Spending Deal Punts Annual Health Policy Debates To New Year
President Joe Biden signed the bill that funds a portion of the government through January and other parts through February. The deal pushes off several funding battles over health programs that have become a regular part of the holiday landscape on Capitol Hill for the past few years.
Christmas Minus The Tree: Health Policy Gridlocked As Congress Bolts
By punting their spending disputes past the holidays, House Republicans have put the kibosh on what's become an annual rite for health care interests: the year-end legislative grab bag sometimes known as the Christmas tree. It's the first December since 2012 without a critical funding deadline, Raymond James analyst Chris Meekins notes. (Bettelheim, 11/17)
The New York Times:
Biden Signs Spending Bill, Staving Off A Government Shutdown
President Biden signed a short-term government funding bill on Thursday, narrowly averting a government shutdown but leaving a larger spending clash for Congress early next year. The Senate gave final approval to the package late Wednesday, about 48 hours before a shutdown deadline at midnight Friday. In a two-step plan, the bill funds congressional priorities including military construction, veterans affairs, transportation, housing and the Energy Department through Jan. 19. Other agencies would be funded until Feb. 2. (Friedman, 11/17)
Community Health Center Funding Delay Sparks Anxiety
Few people enjoy witnessing a dysfunctional Congress run up against one deadline after another just to avoid shutting down the government, but if you lead a community health center, you have little choice but to watch and hope. Congress narrowly avoided a shutdown in September but at that time only extended funding until this Friday. At the same time, lawmakers failed to reauthorize multi-year funding for federally qualified health centers, granting them the same brief reprieve. (McAuliff, 11/16)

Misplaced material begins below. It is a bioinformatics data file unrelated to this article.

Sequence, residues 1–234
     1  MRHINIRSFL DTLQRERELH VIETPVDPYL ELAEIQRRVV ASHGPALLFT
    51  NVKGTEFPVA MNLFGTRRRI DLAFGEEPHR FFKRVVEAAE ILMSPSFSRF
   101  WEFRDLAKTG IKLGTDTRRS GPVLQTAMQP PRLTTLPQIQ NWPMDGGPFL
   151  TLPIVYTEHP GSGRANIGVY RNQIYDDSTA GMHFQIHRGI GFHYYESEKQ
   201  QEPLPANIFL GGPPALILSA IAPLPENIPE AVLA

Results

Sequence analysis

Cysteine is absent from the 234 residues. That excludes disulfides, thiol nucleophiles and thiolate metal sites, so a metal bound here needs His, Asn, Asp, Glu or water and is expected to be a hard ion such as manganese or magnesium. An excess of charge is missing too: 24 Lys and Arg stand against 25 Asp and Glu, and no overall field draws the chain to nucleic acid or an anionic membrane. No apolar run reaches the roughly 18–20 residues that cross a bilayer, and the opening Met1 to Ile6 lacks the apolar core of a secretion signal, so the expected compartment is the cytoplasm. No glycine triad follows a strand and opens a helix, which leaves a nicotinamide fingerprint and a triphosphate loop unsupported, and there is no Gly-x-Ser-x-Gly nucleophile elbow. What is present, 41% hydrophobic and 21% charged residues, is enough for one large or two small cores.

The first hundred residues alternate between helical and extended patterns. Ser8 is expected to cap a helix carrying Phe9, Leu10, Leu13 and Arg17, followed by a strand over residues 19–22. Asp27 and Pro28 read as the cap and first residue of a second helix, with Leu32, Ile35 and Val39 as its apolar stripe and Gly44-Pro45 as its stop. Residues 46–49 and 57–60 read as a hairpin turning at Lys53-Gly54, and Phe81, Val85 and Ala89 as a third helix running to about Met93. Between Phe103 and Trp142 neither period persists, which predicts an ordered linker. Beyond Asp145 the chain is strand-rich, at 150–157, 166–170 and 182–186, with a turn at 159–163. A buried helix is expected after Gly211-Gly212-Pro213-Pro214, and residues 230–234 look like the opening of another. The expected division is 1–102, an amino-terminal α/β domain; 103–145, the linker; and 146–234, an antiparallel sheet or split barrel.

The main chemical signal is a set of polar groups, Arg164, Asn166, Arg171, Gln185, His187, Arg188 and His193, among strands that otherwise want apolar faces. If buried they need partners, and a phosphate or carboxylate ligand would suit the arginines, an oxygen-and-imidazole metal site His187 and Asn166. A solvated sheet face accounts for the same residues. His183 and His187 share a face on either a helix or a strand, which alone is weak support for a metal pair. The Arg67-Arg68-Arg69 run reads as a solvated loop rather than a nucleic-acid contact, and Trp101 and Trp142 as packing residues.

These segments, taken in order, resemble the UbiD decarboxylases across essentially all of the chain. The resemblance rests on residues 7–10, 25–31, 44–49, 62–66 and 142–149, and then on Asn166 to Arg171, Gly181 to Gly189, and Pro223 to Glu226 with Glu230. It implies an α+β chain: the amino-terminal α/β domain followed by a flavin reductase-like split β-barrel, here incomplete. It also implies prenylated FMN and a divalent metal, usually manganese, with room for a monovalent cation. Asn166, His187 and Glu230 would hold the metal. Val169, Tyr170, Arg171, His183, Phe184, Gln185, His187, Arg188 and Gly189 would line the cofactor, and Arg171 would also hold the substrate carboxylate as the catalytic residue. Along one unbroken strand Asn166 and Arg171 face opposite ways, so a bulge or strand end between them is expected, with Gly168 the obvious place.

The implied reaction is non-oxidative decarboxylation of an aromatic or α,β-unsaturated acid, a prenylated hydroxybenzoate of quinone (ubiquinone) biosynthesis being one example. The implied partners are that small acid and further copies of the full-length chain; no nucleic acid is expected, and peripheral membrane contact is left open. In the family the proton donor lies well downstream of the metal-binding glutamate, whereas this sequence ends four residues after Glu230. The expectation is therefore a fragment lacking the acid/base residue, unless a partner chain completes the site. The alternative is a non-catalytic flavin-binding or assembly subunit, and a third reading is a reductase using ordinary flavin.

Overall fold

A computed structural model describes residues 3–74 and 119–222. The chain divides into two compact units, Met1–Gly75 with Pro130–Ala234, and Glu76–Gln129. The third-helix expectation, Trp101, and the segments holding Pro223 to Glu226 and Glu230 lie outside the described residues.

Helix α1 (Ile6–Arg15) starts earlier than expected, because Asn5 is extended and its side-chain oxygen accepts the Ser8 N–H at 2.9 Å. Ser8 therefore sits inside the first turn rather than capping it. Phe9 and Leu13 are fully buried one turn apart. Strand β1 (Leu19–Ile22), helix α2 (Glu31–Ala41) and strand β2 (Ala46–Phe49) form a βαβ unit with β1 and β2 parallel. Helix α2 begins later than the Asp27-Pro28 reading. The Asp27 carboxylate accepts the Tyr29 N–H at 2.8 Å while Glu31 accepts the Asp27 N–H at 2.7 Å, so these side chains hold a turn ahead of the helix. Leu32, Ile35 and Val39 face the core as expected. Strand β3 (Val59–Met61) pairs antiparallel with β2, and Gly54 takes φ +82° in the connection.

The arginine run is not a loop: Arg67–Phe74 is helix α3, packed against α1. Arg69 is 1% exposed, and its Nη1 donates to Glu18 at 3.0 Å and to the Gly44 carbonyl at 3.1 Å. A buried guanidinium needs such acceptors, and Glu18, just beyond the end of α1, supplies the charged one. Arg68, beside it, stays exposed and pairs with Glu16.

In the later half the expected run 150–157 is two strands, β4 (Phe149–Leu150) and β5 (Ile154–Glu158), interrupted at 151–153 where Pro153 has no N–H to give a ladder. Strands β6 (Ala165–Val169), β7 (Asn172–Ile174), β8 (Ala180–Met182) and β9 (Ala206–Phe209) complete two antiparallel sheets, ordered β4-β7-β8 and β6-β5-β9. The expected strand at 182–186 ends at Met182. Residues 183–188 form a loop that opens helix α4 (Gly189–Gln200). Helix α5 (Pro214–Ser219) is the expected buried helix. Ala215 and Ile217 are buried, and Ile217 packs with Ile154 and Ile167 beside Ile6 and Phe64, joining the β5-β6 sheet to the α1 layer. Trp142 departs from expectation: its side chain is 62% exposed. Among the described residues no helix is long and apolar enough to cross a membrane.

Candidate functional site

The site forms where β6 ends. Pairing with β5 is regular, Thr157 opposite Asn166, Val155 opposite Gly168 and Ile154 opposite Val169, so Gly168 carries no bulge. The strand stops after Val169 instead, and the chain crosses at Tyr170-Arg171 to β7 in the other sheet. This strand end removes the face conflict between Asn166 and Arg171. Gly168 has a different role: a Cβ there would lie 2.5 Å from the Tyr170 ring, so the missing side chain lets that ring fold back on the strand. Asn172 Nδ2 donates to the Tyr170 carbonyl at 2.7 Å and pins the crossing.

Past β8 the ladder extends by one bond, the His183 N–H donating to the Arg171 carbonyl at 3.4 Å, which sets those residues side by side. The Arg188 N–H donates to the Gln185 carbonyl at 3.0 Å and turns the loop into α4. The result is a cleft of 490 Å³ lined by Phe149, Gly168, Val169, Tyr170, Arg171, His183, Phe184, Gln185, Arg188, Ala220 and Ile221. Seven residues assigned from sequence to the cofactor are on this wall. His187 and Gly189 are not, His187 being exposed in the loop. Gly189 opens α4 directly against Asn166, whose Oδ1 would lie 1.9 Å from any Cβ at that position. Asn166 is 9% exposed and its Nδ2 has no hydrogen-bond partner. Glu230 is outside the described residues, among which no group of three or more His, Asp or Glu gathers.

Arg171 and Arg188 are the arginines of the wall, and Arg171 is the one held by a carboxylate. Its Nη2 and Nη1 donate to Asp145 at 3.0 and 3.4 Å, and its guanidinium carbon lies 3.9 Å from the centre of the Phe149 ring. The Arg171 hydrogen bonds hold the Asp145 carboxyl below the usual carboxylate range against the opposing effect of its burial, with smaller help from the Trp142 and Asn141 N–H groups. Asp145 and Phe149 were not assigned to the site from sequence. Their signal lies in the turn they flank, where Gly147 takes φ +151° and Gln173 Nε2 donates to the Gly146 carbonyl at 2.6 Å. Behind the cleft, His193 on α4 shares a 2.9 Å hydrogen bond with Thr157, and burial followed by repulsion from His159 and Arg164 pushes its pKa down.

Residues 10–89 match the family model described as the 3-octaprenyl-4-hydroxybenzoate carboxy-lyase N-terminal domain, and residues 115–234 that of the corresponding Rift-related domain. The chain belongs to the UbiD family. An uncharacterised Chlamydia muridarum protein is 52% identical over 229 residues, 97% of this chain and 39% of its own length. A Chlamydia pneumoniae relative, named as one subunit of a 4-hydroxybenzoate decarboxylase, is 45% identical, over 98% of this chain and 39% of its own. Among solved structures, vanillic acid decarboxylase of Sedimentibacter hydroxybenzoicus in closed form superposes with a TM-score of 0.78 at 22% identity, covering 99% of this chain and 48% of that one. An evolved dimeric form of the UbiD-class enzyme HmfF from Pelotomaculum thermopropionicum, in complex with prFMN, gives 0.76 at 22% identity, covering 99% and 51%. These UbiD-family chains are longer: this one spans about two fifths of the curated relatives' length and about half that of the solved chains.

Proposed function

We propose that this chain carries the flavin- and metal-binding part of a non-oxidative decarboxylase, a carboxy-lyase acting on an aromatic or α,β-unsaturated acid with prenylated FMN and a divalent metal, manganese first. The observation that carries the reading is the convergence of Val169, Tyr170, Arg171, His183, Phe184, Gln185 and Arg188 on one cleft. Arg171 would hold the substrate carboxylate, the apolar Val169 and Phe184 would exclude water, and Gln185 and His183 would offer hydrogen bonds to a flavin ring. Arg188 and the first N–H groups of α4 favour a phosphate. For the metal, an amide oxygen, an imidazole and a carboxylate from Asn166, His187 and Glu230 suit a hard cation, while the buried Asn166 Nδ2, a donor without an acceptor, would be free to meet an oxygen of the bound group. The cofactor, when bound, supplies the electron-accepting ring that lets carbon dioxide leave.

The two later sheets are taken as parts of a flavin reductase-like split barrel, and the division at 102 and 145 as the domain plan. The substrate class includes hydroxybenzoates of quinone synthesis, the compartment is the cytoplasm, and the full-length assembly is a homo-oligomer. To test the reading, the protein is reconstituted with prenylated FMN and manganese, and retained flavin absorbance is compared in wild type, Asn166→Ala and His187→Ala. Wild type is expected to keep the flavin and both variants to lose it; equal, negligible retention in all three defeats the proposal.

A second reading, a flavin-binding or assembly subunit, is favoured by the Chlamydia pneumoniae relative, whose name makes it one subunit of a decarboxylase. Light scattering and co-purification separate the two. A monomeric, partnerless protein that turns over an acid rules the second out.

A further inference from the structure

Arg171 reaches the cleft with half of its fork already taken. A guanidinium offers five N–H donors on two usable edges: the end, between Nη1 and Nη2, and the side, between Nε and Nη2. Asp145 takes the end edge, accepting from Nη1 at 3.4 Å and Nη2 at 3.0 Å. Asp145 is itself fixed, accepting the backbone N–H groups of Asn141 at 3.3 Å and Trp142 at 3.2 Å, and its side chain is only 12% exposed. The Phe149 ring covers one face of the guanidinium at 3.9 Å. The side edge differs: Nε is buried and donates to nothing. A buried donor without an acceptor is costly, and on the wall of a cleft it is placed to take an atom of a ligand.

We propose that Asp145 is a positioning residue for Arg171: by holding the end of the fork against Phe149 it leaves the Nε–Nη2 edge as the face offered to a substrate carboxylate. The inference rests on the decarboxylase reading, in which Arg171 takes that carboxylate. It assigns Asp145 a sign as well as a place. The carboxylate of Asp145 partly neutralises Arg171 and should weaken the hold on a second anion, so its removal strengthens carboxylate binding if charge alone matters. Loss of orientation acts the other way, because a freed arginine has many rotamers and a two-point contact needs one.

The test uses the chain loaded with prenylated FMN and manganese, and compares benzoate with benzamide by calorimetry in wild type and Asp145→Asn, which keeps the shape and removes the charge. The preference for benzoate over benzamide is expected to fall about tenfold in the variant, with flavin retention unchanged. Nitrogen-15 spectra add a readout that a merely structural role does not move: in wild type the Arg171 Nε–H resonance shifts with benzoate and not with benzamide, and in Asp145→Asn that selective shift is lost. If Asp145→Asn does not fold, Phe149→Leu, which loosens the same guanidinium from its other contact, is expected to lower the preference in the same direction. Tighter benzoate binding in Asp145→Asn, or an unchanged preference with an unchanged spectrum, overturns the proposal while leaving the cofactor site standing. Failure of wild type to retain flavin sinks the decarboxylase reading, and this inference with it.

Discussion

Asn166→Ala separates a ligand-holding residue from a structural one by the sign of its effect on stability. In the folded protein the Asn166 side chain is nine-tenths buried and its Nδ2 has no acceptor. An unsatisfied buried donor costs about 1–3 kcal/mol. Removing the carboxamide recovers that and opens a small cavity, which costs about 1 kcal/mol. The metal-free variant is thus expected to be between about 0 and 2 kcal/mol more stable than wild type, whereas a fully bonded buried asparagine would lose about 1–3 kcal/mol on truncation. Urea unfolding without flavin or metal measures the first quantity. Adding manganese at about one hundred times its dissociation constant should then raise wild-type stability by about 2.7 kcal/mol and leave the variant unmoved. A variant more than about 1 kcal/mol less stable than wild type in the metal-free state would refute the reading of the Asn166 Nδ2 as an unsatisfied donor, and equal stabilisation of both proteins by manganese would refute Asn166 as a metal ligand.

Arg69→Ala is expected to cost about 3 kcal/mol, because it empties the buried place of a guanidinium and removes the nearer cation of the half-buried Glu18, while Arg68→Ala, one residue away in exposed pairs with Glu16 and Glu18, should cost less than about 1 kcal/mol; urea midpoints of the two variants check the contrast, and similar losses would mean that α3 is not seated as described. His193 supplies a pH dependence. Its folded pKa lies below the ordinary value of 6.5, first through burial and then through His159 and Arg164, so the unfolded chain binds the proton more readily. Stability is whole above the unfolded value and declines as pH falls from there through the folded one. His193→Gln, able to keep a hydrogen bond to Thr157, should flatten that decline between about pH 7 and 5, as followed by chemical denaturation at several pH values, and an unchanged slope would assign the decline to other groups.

KFF Health News' 'What The Health?' Podcast:
Congress Kicks The (Budget) Can Down The Road. Again.
Congress narrowly avoided a federal government shutdown for the second time in as many months, as House Democrats provided the needed votes for new House Republican Speaker Mike Johnson to avoid his first legislative catastrophe of his brief tenure. But funding the federal government won’t get any easier when the latest temporary patches expire in early 2024. It seems House Republicans have not yet accepted that they cannot accomplish the steep spending cuts they want as long as the Senate and the White House are controlled by Democrats. (11/16)